} else if (interval=='thisWeek') {		
		var currentDay = currentDate.getDay();
		var currentMonth = currentDate.getMonth()+1;
       	diff = currentDate.getDate() - currentDay + (currentDay == 0 ? -6:1);
		var weekStart = new Date(currentDate.setDate(diff));		
		var startDate = weekStart.getFullYear()+'-'+padLeft(currentMonth)+'-'+padLeft(weekStart.getDate());		
	} else if (interval=='allTime') {
		var startDate='2005-01-01';
}	

And the biolerplate is done. All the input there and we are ready to issue a request to the analytics API. But before you can do that, you have to use yarn to add the googleapis module to the project (issue yarn add googleapis from the core folder, as per my previous post) and load the analytics module:

const { google } = require('googleapis');
module.exports = function top(options) {
  // ...
}

Finally comes the request — almost. First, two other pieces of data has to be retrieved: a client email and a private key to authenticate and authorize a "user" that can download the data. To set up your Google Analytics property with a "user" like this is actually quite complicated in my opinion and I'm not going to describe the details here (check out the project's wiki on how to do this). I decided that the best place to store these data is to put them in environment variables:

module.exports = function top(options) {  	
  // check parameters
  // calculate startdate
  var scopes = ['https://www.googleapis.com/auth/analytics.readonly'];		
  var key = {
    client_email:process.env.GA_CLIENT_EMAIL,
    private_key:process.env.GA_PRIVATE_KEY
  };	
}

In the code you can also see a scopes array. These scopes determine the type of operations that you can run after authentication.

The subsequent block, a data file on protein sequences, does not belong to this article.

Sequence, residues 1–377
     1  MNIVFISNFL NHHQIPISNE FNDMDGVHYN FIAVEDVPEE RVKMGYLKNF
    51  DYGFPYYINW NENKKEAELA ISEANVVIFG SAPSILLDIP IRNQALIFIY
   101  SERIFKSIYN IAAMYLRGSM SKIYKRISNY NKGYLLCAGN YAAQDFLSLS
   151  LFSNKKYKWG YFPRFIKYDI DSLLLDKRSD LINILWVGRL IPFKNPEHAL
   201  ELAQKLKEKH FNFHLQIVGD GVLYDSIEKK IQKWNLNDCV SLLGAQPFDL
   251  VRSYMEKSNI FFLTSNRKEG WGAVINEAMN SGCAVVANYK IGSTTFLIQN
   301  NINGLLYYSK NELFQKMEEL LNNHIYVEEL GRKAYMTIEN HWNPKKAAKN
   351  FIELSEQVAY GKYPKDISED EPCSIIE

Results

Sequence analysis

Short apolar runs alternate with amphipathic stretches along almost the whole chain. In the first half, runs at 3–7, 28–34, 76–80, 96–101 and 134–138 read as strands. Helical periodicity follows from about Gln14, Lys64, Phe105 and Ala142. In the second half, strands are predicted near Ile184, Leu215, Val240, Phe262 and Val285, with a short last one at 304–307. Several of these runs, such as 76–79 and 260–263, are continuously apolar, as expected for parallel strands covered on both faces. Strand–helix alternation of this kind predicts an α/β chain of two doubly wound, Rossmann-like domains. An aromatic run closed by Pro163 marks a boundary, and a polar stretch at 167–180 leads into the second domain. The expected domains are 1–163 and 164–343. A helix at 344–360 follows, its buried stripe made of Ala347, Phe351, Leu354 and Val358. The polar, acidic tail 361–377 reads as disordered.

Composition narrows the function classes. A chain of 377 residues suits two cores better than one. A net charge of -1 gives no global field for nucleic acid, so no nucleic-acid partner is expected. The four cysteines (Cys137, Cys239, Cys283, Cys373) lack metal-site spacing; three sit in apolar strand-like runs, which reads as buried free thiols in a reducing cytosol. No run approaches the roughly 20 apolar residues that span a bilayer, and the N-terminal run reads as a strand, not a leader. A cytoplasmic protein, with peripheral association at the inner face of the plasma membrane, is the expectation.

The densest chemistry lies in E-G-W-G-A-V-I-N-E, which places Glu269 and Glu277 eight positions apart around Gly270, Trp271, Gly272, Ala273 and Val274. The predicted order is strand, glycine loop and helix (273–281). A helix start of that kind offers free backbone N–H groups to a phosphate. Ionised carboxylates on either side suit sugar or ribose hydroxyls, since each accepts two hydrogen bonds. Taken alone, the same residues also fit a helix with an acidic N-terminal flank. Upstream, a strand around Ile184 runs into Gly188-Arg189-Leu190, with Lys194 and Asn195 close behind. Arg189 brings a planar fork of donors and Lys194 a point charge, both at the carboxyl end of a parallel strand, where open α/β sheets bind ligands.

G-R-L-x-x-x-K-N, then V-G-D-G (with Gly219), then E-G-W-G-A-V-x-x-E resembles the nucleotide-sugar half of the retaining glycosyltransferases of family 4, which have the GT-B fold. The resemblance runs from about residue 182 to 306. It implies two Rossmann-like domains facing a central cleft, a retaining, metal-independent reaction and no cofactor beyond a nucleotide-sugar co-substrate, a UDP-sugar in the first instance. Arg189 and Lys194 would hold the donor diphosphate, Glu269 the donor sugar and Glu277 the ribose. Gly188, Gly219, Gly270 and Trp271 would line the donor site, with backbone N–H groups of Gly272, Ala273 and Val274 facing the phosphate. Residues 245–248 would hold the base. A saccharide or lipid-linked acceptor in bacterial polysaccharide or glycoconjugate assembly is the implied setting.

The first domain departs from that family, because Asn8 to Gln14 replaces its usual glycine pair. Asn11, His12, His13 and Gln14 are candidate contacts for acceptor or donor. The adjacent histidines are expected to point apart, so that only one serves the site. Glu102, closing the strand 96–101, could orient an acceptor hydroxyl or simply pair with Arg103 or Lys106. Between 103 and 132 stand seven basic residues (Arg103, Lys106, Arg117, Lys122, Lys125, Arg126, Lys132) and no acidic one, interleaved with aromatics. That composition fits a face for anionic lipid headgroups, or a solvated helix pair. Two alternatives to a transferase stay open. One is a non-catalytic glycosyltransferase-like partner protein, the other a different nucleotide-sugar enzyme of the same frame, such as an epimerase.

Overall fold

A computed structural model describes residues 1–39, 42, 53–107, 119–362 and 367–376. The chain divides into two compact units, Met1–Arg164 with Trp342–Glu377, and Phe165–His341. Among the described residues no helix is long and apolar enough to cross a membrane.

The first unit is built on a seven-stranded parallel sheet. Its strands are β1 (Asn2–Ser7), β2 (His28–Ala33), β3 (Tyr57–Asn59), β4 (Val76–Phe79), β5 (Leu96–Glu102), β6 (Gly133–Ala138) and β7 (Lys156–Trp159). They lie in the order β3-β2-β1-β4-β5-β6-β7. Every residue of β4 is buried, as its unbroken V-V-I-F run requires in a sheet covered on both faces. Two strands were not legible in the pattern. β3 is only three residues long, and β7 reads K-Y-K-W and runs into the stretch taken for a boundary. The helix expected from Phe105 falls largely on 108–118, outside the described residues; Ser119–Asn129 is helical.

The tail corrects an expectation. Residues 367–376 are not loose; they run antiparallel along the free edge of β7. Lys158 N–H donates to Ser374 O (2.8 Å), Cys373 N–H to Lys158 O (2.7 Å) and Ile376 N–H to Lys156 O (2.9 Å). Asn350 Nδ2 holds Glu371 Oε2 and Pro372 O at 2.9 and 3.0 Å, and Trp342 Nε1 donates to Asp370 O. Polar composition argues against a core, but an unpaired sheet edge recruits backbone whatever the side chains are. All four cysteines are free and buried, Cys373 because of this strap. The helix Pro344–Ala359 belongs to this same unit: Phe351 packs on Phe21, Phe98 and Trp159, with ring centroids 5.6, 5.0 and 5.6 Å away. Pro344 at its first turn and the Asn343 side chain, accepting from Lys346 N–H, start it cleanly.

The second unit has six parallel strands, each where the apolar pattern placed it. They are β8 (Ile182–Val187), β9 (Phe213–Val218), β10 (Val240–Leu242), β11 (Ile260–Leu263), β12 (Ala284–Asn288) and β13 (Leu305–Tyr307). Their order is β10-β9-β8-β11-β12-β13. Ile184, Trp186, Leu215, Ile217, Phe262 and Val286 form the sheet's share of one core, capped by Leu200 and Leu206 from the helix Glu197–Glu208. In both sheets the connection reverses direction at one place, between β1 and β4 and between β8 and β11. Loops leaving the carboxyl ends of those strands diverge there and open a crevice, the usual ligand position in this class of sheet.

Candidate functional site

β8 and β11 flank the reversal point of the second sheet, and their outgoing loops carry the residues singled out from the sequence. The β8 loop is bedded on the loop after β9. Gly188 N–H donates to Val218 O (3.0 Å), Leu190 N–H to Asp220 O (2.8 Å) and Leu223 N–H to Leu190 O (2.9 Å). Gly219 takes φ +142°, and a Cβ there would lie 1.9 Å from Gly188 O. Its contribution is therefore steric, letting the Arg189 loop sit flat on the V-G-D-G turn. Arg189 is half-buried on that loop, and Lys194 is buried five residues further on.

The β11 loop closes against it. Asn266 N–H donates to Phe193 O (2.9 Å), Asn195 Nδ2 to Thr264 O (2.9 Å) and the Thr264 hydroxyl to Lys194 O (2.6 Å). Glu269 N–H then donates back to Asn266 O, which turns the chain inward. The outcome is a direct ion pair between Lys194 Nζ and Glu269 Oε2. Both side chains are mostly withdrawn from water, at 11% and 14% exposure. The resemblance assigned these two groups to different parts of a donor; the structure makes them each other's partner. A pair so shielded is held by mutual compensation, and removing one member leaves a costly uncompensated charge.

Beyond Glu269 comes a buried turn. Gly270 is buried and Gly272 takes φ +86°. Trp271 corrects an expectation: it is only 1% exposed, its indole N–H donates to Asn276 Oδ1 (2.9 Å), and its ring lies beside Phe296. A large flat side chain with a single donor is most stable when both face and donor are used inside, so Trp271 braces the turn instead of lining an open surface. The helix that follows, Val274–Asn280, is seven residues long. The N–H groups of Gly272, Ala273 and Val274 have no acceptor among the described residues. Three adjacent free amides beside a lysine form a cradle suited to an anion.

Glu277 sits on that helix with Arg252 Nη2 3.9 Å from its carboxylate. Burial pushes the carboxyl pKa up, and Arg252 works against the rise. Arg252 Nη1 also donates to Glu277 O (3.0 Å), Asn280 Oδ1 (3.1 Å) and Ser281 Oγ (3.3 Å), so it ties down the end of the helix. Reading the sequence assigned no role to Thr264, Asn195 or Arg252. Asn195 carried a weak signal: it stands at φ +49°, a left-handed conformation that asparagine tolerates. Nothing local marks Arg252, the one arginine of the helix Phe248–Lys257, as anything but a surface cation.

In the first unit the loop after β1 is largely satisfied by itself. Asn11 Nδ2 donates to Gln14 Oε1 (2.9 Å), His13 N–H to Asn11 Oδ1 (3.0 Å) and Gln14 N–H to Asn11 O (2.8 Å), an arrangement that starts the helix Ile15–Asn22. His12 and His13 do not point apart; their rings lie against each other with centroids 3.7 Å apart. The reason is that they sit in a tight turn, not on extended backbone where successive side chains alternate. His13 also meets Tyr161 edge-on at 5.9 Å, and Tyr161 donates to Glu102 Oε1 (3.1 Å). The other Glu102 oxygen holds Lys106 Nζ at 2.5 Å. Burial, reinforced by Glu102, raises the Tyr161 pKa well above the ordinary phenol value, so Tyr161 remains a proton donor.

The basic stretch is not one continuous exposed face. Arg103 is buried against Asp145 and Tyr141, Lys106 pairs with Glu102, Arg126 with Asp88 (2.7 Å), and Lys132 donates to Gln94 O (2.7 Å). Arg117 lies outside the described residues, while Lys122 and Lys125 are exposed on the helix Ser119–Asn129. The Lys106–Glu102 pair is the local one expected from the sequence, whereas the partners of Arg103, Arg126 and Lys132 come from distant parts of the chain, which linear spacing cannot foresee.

And finally, the last part: authentication, getting the data, transforming and outputting the data.

const { google } = require('googleapis');

module.exports = function top(options) {  	
  // check parameters
  // calculate startdate
  // get auth info
  var authClient = new google.auth.JWT(key.client_email, null, key.private_key, scopes);	
  return authClient.authorize().then(function() {
			return google.analytics('v3').data.ga.get({ 
				'auth': authClient,
				'ids': 'ga:'+viewId,
				'start-date': startDate,
				'end-date': 'today',
				'metrics': 'ga:pageviews',
				'dimensions':'ga:pagePath,ga:pageTitle',
				'sort':'-ga:pageViews',                                                 'filters':'ga:pagePath!@/tag/;ga:pagePath!@/page/;ga:pagePath!=/;ga:pageTitle!=(not set);ga:pagePath!@&',
                'max-results':maxItems
         }).then(function(resp) {
              var data=[];	
              var result='';
              resp.data.rows.forEach( 
                 (row) => { data.push( { 'postUrl':row[0], 'postTitle':row[1], 'viewCount':row[2] } );  } );		
                 data.forEach( (item) => { result = result + options.fn(item) });
				 return result; })
            .catch(function(err) { return err.toString() });								
	});
}

After authorization, the data is downloaded. I think the code is pretty self-explanatory. The filter parameter is constructed so that it filters out pageviews for the tags, the main page, the paginated pages, anything where the title is not set or anything that has & character in it (I did this because I found some weird requests to my site containing these characters, that were obviously bogous). When the data is downloaded, it is transformed in yet another callback. First I build an array containing objects with the appropriate properties. Then, the array is iterated over and every item is passed to options.fn. This will transform every object from the array according to the inner template and append it to the result. Note that there are all sorts of returns in the code. I have no idea why this works, I just know that this does (it must be a 'promise from a promise inside a promise'-like thing :)) Also note that there's virtually no error handling. That's mostly because I have no idea how to do that properly and integrate with Ghost's own error handling mechanisms. Again, if you have any idea, feel free to share it in the comments.

And that's it! Now it is ready to be used. I used this helper in my Greatest hits page, just threw some css over it.

Check out the Github page on more info on how to set it up and get the authorization info or see the full source code.

Creating a most popular posts page with a custom ghost helper to download Google Analytics data